Inspiration Plato. The Greek society inspired achievements that shaped the foundation of Western civilization. The Greeks were intelligent, daring, energetic and sensible, accomplishing great feats in the arts, philosophy, architecture and more. The Greeks introduced our cherished concepts of citizens' rights, democracy, and freedoms of speech and religion. They excelled in mathematics, physics and astronomy. The Greeks had a highly developed spiritual life, imparting human traits to their many gods and goddesses. The Greeks shared a deep admiration and respect for nature similar to many of the great scientists, artists and philosophers that would follow, such as Albert Einstein, Leonardo DaVinci, etc.
Inspiration Hippocrates. The Greek society inspired achievements that shaped the foundation of Western civilization. The Greeks were intelligent, daring, energetic and sensible, accomplishing great feats in the arts, philosophy, architecture and more. The Greeks introduced our cherished concepts of citizens' rights, democracy, and freedoms of speech and religion. They excelled in mathematics, physics and astronomy. The Greeks had a highly developed spiritual life, imparting human traits to their many gods and goddesses. The Greeks shared a deep admiration and respect for nature similar to many of the great scientists, artists and philosophers that would follow, such as Albert Einstein, Leonardo DaVinci, etc. http://www.egs.edu/library/hippocrates/biography/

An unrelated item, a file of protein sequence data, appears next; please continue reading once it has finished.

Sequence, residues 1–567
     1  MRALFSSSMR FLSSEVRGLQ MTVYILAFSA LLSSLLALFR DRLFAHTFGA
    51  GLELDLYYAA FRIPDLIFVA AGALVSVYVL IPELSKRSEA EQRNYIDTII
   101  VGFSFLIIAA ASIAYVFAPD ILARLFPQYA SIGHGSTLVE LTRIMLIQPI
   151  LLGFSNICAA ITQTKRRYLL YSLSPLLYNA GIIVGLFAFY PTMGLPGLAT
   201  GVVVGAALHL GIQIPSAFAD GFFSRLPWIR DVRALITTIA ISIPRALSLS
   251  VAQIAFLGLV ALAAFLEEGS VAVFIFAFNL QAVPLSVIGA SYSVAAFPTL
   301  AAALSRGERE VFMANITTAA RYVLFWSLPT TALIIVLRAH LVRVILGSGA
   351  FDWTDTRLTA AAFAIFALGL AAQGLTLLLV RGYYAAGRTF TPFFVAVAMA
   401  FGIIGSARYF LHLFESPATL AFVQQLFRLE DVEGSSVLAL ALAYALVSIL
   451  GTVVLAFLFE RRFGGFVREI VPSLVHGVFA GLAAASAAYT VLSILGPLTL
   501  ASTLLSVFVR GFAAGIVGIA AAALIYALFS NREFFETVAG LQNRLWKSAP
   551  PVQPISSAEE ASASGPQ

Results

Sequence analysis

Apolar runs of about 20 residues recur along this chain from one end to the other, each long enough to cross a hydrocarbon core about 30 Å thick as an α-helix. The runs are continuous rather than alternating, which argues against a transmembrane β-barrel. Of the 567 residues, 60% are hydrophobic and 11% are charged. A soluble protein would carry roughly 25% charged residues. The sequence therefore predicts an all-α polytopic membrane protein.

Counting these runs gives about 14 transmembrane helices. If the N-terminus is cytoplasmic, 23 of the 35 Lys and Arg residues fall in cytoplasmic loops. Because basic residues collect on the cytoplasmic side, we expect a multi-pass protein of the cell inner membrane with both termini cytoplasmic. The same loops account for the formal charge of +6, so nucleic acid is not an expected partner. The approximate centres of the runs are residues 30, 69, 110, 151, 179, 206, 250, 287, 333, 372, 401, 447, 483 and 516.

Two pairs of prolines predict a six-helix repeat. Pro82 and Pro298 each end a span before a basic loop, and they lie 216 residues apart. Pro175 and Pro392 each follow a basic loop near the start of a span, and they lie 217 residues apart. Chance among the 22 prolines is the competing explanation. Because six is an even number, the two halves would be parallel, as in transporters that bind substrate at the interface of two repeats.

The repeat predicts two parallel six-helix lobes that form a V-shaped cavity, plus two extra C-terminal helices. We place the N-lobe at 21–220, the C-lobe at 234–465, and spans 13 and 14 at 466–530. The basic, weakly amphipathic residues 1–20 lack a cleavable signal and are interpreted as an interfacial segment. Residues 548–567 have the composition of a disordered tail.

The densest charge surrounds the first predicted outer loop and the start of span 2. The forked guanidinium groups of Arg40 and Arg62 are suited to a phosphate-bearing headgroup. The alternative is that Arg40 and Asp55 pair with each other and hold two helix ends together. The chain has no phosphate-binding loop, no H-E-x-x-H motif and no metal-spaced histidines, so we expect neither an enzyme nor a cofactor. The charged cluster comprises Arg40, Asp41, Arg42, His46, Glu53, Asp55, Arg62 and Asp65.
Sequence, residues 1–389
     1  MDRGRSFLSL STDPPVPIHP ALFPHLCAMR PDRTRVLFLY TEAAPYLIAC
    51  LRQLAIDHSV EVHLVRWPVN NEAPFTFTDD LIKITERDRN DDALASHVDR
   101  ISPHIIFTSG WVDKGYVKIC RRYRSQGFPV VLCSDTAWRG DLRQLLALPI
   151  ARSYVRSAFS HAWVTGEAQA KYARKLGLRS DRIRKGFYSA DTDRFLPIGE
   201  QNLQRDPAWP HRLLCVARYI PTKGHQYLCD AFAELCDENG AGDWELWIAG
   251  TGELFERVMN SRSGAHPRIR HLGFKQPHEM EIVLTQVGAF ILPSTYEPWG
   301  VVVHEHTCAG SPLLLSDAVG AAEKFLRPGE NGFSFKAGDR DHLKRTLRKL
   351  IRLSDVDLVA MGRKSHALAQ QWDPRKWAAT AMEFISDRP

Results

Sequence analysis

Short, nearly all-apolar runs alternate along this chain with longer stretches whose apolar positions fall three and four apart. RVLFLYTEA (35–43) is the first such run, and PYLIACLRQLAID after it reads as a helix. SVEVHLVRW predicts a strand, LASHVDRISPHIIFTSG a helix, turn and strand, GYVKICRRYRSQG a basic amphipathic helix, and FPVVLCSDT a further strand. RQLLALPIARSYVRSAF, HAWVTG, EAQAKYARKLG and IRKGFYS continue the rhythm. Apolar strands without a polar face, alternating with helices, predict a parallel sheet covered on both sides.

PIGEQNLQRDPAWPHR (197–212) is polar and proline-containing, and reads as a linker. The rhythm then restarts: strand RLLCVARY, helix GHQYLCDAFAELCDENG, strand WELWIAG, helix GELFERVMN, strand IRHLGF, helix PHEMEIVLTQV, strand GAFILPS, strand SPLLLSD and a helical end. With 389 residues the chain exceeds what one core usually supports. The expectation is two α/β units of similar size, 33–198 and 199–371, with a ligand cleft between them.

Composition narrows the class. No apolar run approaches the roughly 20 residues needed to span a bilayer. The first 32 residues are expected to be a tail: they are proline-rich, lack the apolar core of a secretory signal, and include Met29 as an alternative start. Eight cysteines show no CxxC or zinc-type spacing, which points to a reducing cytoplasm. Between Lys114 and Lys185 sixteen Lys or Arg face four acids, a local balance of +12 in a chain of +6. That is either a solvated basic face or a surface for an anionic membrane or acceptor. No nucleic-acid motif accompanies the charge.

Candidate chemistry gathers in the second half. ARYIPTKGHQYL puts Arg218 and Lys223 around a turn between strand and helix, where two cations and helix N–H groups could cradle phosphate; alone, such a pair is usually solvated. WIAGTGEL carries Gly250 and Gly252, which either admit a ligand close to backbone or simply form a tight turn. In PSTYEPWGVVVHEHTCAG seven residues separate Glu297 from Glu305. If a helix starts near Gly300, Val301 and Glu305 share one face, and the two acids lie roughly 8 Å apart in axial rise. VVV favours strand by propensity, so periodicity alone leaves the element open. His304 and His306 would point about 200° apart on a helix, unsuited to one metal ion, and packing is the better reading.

Georg Christoph Lichtenberg was a German scientist, satirist, and Anglophile. As a scientist, he was the first to hold a professorship explicitly dedicated to experimental physics in Germany. http://www.encyclopedia.com/topic/Georg_Christoph_Lichtenberg.aspx
Aristotle is a towering figure in ancient Greek philosophy, making contributions to logic, metaphysics, mathematics, physics, biology, botany, ethics, politics, agriculture, medicine, dance and theatre. He was a student of Plato who in turn studied under Socrates. He was more empirically-minded than Plato or Socrates and is famous for rejecting Plato’s theory of forms. As a prolific writer and polymath, Aristotle radically transformed most, if not all, areas of knowledge he touched. It is no wonder that Aquinas referred to him simply as “The Philosopher.” In his lifetime, Aristotle wrote as many as 200 treatises, of which only 31 survive. Unfortunately for us, these works are in the form of lecture notes and draft manuscripts never intended for general readership, so they do not demonstrate his reputed polished prose style which attracted many great followers, including the Roman Cicero. Aristotle was the first to classify areas of human knowledge into distinct disciplines such as mathematics, biology, and ethics. Some of these classifications are still used today. As the father of the field of logic, he was the first to develop a formalized system for reasoning. Aristotle observed that the validity of any argument can be determined by its structure rather than its content. Aristotle’s philosophies share common ground with many of the key aspects of design thinking.
Sir Bernard Arthur Owen Williams was an English moral philosopher, described by The Times as the "most brilliant and most important British moral philosopher of his time." http://plato.stanford.edu/entries/williams-bernard/